Each year, the World Health Organization (WHO) marks its founding on April 7, 1948 – World Health Day– by highlighting a topic with significant implications for global health. This year the organization will shed a global spotlight on a condition that hits close to home for a staggering number of people: diabetes. Blue Cross and Blue Shield (BCBS) companies share the goal of working to beat this disease.
The WHO reports that nearly 350 million people worldwide have diabetes, and estimates that number is likely to more than double in the next 20 years. Diabetes was directly responsible for 1.5 million deaths in 2012, and was a contributing factor for scores of others thanks to resulting complications such as kidney failure and increased risk of heart attack and stroke.
All of these figures are concerning, but the most troubling detail of the global health problem is that 90% of diabetes cases worldwide are type 2 diabetes, a condition that is largely preventable through healthy diet and exercise.
The 36 BCBS companies are united in a collective mission to help Americans live healthy lives by providing a variety of resources to organizations, schools, families and individuals to help create a healthier living environment for all. Preventing the continued spread of diabetes in our communities is a key priority.
Across the country, BCBS companies are working to improve access to healthy foods and provide opportunities for people to be physically active in their communities. Programs cover different stages of the disease, from prevention, to management, to support of the American Diabetes Association (ADA).
In California, Anthem Blue Cross partnered with the American Diabetes Association to sponsor Tour de Cure, Step Out LA, and Fit for a Cause. Since 2012, Anthem Blue Cross and its associates contributed over $120,000 in support of ADA’s efforts.
For three years, Excellus BlueCross BlueShield has sponsored the Ibero American Action League’s Latino Diabetes Program. The culturally appropriate intervention program in Rochester, N.Y., provides Latino participants with information about nutrition, physical activity and self-care to help them manage diabetes and hypertension. In 2015, 93 percent had their hypertension under control and 83 percent their glucose levels under control. The Latino Diabetes Program was one of 12 associated with diabetes prevention or management that Excellus BCBS helped to fund in 2015.
The overall risk for type 2 diabetes in people with severe mental illness is between two and four times that of the general population. As part of its competitive statewide wellness grants program, Blue Cross Blue Shield of Nebraska provided a grant to the Liberty Centre Services in Norfolk, Nebraska, to support the organization’s diabetes prevention program for adults and children with mental illness. The grant included blood glucose monitoring, nutrition education, wellness events and community awareness initiatives designed to reduce the risk of type 2 diabetes for individuals with mental illness.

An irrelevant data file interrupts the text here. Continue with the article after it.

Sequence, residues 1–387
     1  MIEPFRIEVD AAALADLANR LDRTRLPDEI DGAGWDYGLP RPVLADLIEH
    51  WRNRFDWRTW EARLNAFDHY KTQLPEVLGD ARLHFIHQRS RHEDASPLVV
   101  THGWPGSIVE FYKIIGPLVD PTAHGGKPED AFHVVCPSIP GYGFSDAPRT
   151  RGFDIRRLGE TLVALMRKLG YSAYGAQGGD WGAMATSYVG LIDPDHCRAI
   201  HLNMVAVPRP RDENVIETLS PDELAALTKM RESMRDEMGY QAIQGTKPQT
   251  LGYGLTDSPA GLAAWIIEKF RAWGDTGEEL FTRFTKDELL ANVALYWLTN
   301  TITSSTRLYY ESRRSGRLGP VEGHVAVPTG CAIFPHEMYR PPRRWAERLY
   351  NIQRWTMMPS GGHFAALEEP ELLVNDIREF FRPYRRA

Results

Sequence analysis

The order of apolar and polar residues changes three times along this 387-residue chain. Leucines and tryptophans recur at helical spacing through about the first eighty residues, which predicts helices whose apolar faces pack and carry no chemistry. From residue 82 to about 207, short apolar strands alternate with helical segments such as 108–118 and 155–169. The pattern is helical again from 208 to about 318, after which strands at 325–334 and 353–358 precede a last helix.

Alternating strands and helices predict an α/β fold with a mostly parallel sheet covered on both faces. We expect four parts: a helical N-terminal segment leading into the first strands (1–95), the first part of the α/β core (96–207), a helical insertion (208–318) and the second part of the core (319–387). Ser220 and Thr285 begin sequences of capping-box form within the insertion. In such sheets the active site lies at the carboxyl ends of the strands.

A grant from Blue Cross and Blue Shield of Oklahoma to the University of Oklahoma supports Wavelengths: Transition Program for Young Adults with Diabetes at the Harold Hamm Diabetes Center (HHDC). The program focuses on comprehensive diabetes care, centering on seamless transition between pediatric and adult care teams, providing comprehensive education and coping skills to empower teenagers and young adults with diabetes to assume autonomous care. In addition, the program seeks to conduct clinical research to address the unique challenges and needs young people and their families face when dealing with type 1 or type 2 diabetes.
And in Illinois, the Blue Cross and Blue Shield of Illinois (BCBSIL)-supported Lawndale Diabetes Project is continuing to improve the lives of Chicagoans in the North and South Lawndale neighborhoods. Since 2011, BCBSIL has invested more than $2.4 million to fund programs managed by the Sinai Urban Health Institute. Building off their previous work with Sinai using community health workers to identify diabetics in North and South Lawndale, the current program explores the most impactful and cost-effective diabetes management methods, including text messaging, as a tool for high risk patients.
Through local programs like these, BCBS companies hope to help lead the way to national – and global – improvements in diabetes prevention and management. This World Health Day, we’re proud to support awareness of the fight against this serious public health issue.
To learn more about how BCBS companies work to help improve the health of the communities we serve, download the full Investing in America’s Health report.